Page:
How To Breathe While Swimming

A lot of swimmers, particularly beginners, find it rather difficult to breathe properly while swimming. This is, of course, quite normal and it takes a good amount of practice to master the art of proper breathing to be able to stay underwater longer. Learning the proper techniques in breathing will also enable you to swim faster and improve your strokes, especially if you are training for competition.

Here are a few tips that can help you improve your breathing techniques while swimming.

  • Relax and warm-up. Before you get into the water, try to relax your facial muscles and your jaw. This will greatly affect your capacity to hold and release the air while underwater. You would notice that when your facial muscles are too tense, you tend to hold your breath while submerged which causes you to both inhale and exhale when you resurface. This is a very wrong breathing exchange that immediately gets you exhausted.
  • Take in small breaths and bob your head down into the water then slowly release the air through your mouth or nose. Focus and concentrate on your breathing. Make sure that you have let all the air out when you resurface. Repeat this process for a few minutes before swimming.
  • Once you get into the water, slowly release some air. This will prevent the water from getting into your nose. Keep your mouth closed all the time while underwater.
  • Take note that your breathing must be in sync with your strokes. This will increase your lung capacity to take in as much air as your lungs can hold. This technique can also improve your speed and agility. Generally, a swimmer may inhale after two to three strokes. If you are a beginner, and you are still having a hard time mastering this technique, you can inhale after one and a half strokes until you get used to it.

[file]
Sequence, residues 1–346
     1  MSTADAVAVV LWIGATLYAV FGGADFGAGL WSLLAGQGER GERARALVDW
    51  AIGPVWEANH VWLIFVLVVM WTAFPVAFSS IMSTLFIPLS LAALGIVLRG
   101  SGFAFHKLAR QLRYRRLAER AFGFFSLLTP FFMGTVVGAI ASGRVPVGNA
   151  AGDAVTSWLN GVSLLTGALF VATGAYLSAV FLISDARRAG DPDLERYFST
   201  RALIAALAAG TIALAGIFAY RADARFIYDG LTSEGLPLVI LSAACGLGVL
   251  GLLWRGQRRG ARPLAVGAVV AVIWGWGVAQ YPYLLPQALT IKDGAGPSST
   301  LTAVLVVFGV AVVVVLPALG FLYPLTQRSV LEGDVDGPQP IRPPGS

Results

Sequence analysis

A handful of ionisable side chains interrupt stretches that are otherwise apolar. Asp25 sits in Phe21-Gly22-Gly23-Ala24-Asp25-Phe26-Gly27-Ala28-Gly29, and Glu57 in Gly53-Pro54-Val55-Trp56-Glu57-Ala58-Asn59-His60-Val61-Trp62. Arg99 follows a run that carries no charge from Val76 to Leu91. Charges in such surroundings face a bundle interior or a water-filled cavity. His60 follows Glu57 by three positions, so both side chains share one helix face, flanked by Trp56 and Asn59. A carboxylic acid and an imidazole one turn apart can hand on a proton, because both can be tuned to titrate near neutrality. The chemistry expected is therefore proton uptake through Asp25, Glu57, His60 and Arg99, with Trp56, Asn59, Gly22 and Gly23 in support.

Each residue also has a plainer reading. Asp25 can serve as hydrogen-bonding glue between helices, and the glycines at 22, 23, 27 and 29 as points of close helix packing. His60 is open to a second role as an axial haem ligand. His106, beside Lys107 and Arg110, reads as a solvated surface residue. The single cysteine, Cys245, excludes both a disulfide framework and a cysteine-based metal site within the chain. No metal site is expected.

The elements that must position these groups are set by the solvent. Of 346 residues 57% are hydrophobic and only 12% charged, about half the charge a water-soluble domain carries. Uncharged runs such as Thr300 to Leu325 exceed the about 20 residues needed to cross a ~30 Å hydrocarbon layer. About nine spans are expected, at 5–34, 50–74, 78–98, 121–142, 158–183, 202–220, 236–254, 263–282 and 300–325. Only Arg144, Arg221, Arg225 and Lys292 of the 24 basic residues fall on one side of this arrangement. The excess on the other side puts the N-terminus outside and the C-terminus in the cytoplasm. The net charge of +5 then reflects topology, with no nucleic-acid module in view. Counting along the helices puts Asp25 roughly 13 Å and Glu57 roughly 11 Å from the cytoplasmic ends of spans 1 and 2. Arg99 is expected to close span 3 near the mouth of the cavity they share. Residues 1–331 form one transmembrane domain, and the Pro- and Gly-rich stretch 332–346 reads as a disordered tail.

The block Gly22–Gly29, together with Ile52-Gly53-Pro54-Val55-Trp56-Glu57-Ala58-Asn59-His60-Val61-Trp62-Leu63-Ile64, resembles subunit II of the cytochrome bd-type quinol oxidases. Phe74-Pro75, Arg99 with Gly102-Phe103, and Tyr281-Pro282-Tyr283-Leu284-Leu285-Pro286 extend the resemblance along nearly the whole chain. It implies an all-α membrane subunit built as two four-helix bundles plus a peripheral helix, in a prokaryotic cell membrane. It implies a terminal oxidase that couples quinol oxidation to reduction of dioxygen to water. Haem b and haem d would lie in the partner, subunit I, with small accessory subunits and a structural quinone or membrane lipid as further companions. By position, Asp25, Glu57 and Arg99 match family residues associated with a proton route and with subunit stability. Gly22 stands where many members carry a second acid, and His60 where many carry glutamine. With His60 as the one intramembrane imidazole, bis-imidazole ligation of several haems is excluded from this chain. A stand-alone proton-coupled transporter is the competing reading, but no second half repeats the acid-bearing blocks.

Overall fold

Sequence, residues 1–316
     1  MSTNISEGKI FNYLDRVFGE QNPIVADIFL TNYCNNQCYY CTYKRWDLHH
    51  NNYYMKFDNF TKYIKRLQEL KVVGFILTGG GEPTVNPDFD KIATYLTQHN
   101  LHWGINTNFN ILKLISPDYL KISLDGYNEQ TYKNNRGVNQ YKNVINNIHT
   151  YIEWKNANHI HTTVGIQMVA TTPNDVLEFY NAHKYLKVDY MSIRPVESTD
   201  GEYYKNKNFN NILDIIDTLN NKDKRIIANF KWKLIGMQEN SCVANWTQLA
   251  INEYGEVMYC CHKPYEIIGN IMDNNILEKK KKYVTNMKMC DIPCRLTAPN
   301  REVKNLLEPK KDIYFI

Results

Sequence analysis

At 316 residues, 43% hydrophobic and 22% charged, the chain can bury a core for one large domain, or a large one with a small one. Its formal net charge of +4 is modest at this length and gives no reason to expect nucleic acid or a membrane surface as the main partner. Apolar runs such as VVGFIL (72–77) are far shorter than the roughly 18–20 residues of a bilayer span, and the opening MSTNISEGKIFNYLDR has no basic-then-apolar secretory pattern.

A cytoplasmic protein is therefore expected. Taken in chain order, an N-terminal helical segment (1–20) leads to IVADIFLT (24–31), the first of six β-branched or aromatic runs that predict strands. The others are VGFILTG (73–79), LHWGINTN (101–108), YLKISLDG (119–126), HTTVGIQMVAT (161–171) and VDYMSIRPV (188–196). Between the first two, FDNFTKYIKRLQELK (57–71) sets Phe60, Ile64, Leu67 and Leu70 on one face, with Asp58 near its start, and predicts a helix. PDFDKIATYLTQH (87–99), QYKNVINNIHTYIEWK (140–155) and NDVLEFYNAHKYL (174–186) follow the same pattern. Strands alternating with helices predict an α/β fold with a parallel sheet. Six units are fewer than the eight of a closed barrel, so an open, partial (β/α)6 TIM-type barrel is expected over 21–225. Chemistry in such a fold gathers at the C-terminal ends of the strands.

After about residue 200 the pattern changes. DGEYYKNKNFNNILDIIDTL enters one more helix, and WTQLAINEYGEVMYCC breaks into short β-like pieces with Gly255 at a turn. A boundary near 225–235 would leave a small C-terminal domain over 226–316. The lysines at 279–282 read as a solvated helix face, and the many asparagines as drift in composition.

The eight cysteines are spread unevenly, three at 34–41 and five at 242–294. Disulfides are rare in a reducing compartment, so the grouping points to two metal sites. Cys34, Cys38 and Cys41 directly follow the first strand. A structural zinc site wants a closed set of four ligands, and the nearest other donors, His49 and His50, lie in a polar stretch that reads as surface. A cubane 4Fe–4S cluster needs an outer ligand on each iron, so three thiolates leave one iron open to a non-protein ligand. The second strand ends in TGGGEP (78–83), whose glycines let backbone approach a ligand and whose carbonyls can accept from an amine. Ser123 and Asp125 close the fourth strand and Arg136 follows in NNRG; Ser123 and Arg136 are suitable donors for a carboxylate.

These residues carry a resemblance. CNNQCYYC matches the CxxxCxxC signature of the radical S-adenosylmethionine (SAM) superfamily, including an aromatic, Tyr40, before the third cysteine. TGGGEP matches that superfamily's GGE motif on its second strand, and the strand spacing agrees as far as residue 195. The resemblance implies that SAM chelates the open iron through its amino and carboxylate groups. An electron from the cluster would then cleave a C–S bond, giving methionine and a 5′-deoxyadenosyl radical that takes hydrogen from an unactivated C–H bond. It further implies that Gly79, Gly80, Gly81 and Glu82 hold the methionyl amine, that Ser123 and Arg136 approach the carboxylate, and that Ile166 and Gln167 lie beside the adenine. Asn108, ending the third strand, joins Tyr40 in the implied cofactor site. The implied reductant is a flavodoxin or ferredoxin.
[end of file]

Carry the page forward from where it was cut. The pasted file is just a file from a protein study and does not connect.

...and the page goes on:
• Keep in mind that there are different breathing techniques, depending on the stroke or style of swimming you are using. For the front crawl or freestyle swimming, inhale as you turn your head sideways while you do your strokes. For breaststroke, your head must be completely out of the water when you take in some air. It is also advisable to breathe every other stroke so as to minimize the effort of pulling your head way up for each inhalation. Slow down as you do so to take advantage of more time for inhalation. Just make sure that you have completely exhaled all the air remaining in your lungs before gulping more. Do not inhale too much air as this affects your breathing concentration.
  • A good way to release the air without too much effort is by fully extending your arms as you do your strokes. This is most effective especially during freestyle, butterfly and breaststrokes. You will notice that stretching your arms as far as you can go will not only help you in breathing but it will help improve your strokes and speed later on.

Staying fit and healthy will greatly benefit you and would make your breathing exercises much easier and more successful. If you are a beginner, it is best to concentrate on your breathing but try not to think about going out of breath. Relax and stay focused. With the right training and attitude, you will be able to refine your techniques in no time.


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